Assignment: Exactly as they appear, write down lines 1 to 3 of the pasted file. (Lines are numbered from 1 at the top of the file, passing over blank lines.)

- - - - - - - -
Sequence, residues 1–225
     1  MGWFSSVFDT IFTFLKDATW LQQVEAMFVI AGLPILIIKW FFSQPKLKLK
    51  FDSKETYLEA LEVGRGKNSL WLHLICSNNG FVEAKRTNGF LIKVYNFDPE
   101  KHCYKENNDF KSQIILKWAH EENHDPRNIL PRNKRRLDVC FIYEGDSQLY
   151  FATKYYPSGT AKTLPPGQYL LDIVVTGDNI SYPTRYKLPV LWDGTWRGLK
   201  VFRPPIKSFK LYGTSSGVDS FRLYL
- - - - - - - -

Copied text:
Sequence, residues 1–225
     1  MGWFSSVFDT IFTFLKDATW LQQVEAMFVI AGLPILIIKW FFSQPKLKLK
    51  FDSKETYLEA LEVGRGKNSL WLHLICSNNG FVEAKRTNGF LIKVYNFDPE